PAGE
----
"'Twas the nocturnal segment of the diurnal period preceding the annual
yuletide celebration, and throughout our place of residence, kinetic
activity was not in evidence among the possessors of this potential,
including that species of domestic rodent known as Musmusculus."
This version of the coming visit from St. Nicholas is "for readers in
their 23rd year of schooling," as passed along on the library network.
I tend to resemble the grinch in early December, and several years ago,
in my grinchiest mood, I created an "Annual Awful Taste in Toys Award."
I think the first one, awarded in 1992, may never be surpassed in bad
taste. It was the Jesus Doll at $29.95. According to the publicity, He
bends at the waist, is machine washable and wears His heart on His
tunic. I think He offends the religious and the non-religious equally.
I believe his creator promised the Virgin Mary for the next year, but
fortunately she never appeared.
Since then I have found several interesting candidates. A couple of
years I have nominated Barbie and nearly been chased out of town. I do
think that over the years, the toy that has done the most damage to
millions of little girls is Barbie - she of the unachievable figure and
the big hair. This year we have a couple of new ones: Barbie with a
belly button and a flexible waist, whatever that means, and Swimming
Barbie who can swim in your bath tub.
This year most of the toys - divided by sexes, of course - involve big,
noisy machines and vicious monsters, and various dolls with kitchens.
There are, of course, the usual gross-out items, which we won't mention,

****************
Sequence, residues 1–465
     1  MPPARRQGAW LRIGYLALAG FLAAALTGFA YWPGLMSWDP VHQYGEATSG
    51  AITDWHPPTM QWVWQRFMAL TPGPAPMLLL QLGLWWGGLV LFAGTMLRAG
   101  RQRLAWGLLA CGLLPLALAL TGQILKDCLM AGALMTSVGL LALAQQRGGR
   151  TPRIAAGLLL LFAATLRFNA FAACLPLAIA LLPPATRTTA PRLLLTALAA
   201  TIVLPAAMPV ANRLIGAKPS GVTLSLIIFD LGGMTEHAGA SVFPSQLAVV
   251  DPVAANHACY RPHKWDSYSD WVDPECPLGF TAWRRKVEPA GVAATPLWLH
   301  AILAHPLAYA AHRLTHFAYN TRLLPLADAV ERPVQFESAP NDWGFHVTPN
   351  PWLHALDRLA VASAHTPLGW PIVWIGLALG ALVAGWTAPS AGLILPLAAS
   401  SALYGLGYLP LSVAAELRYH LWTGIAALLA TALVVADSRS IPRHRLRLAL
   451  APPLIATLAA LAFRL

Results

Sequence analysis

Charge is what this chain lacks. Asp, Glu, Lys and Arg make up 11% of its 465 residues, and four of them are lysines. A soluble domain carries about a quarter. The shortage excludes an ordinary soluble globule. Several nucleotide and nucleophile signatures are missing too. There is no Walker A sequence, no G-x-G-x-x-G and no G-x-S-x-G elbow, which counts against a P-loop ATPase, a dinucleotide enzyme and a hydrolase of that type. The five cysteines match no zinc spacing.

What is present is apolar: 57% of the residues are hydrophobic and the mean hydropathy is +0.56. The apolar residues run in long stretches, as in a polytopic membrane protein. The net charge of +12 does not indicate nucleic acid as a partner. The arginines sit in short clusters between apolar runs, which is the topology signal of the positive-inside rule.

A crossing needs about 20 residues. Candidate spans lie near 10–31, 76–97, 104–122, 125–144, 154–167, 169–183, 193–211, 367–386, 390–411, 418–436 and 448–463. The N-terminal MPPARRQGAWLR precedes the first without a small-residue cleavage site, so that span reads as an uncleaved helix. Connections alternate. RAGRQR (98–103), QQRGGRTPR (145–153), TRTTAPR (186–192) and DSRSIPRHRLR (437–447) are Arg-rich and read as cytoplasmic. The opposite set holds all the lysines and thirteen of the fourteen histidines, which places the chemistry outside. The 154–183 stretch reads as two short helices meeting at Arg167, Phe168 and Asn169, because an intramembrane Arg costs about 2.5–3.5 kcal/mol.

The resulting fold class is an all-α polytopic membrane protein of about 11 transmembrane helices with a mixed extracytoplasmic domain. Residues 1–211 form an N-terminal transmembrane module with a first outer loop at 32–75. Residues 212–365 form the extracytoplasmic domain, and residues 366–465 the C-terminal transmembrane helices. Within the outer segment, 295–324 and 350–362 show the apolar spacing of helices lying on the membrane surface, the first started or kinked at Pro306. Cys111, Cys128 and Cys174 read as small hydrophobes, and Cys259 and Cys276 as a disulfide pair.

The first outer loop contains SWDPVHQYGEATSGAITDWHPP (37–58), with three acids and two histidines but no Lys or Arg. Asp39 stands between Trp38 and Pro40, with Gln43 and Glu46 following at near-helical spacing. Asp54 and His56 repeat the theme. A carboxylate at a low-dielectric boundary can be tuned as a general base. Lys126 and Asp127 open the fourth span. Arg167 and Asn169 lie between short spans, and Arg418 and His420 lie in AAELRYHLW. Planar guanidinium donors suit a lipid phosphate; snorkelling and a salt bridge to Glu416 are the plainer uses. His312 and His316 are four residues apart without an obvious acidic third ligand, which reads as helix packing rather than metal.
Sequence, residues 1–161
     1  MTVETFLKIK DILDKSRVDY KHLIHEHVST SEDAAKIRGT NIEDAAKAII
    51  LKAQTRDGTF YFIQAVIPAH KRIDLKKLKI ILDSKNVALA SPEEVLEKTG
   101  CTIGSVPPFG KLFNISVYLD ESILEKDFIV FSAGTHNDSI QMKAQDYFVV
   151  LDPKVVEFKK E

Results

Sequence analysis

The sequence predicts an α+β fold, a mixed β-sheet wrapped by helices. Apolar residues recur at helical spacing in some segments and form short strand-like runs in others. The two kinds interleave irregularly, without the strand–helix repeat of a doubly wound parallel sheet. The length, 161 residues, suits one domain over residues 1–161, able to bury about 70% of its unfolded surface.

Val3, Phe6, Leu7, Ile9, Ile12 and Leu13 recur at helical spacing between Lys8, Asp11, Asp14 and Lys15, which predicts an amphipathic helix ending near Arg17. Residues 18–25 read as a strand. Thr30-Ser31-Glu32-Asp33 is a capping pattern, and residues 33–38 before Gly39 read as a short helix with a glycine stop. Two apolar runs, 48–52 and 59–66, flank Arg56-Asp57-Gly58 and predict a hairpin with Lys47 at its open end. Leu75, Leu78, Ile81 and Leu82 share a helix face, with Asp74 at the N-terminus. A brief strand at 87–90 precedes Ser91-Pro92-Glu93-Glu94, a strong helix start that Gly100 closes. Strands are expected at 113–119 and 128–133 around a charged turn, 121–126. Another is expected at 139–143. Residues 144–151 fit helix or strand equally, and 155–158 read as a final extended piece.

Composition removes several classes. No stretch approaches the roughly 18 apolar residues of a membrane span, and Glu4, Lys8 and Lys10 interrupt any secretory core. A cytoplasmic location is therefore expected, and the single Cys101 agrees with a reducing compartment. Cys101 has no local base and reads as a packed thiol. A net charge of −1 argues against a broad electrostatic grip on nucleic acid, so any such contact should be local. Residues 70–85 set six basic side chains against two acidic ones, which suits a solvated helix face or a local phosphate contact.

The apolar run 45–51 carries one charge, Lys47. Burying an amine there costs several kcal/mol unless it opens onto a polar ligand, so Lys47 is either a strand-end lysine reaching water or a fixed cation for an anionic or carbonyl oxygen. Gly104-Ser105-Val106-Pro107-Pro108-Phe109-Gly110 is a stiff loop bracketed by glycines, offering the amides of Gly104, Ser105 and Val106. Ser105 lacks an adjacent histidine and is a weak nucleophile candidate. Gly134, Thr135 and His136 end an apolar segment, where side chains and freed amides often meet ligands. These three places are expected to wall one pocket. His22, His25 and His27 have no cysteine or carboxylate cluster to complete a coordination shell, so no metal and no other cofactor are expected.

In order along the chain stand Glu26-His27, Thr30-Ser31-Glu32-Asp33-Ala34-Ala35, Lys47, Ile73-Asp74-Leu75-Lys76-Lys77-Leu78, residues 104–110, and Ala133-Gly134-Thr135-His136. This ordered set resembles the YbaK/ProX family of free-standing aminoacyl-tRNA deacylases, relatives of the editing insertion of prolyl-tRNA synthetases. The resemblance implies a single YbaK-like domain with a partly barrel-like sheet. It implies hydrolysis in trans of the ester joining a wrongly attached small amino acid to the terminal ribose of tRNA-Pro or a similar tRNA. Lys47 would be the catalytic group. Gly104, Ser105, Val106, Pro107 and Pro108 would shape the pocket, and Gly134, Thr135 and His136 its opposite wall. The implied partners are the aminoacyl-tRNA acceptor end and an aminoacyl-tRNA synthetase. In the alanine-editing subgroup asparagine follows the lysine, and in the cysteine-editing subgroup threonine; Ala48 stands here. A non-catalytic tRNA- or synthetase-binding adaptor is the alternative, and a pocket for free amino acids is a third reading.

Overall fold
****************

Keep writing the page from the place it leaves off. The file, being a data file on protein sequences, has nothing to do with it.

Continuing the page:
and the electronic games which I would play if I could figure them out.
But maybe even Barbie is a more satisfactory toy than this years robotic
pets and babies. Modern technology is so busy outdoing itself that it
has forgotten the line between fantasy and reality. Children haven't.
They live in a fantasy world and I wonder what mechanical creatures are
doing to them.
There is a remarkable lack of the type of toys which have lasted through
the years, making one wonder whether toys change, or children do. I
have watched a lot of kids in the years since my childhood and that of
my sons, and the favorite toys which have lasted through the generations
and which seemed to be the best loved have been those that the kids
could hug or build. Why are the teddy bear and building blocks still
This year we have artificial babies and artificial dogs. I assume,
since toy makers are still sexist, that the robotic dogs are for boys
and robotic dolls are for girls.
My nominee this year's award is "My Dream Baby." The manufacturer says
of this ultimate technological result in toy making, "...she grows from
infant to toddler both physically and emotionally...She enters your
world as a newborn. As a full grown toddler she can walk on her own and
has a 500 word vocubalury." When she reaches toddler maturity, you can
flip a switch and she will be a newborn again.
Now that's really scary! My friend the philosopher said, "Good Grief! A
doll like this could lay guilt on a girl that will be with her for her
entire life. Best use would be to give it to middle school girls and
make them take care of it by themselves for a year."
As a matter of fact I suspect that sometimes parents wish they could
flip a switch and turn their terrible twos into newborns again, but
little kids shouldn't have to deal with this.
Little children live in their own world of fantasy. Do we really have a
right to take it away from them in the name of "reality." With
Lincoln Logs or legos they can build fantasy castles. With a teddy
bear or a soft huggable doll they know it isn't real, but they wake
with it, sleep with it and drag it around like Linus' blanket. It is
security for them.
But whatever, the children are waiting for that magic night which is
coming all too soon -- "Twas the nocturnal segment of the diurnal period
preceding the annual yuletide celebration."